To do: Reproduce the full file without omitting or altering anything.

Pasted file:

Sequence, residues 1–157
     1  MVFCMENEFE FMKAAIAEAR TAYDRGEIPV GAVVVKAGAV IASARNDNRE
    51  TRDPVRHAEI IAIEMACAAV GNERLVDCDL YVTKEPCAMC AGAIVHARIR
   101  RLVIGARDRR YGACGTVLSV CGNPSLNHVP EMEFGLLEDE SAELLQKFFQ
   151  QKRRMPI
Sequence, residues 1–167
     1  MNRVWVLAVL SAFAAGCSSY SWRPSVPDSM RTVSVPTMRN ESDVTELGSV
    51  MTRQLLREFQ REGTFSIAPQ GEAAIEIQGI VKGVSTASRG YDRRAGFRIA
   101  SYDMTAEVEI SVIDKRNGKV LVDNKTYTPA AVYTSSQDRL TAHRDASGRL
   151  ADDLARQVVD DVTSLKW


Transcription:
Sequence, residues 1–157
     1  MVFCMENEFE FMKAAIAEAR TAYDRGEIPV GAVVVKAGAV IASARNDNRE
    51  TRDPVRHAEI IAIEMACAAV GNERLVDCDL YVTKEPCAMC AGAIVHARIR
   101  RLVIGARDRR YGACGTVLSV CGNPSLNHVP EMEFGLLEDE SAELLQKFFQ
   151  QKRRMPI
Sequence, residues 1–167
     1  MNRVWVLAVL SAFAAGCSSY SWRPSVPDSM RTVSVPTMRN ESDVTELGSV
    51  MTRQLLREFQ REGTFSIAPQ GEAAIEIQGI VKGVSTASRG YDRRAGFRIA
   101  SYDMTAEVEI SVIDKRNGKV LVDNKTYTPA AVYTSSQDRL TAHRDASGRL
   151  ADDLARQVVD DVTSLKW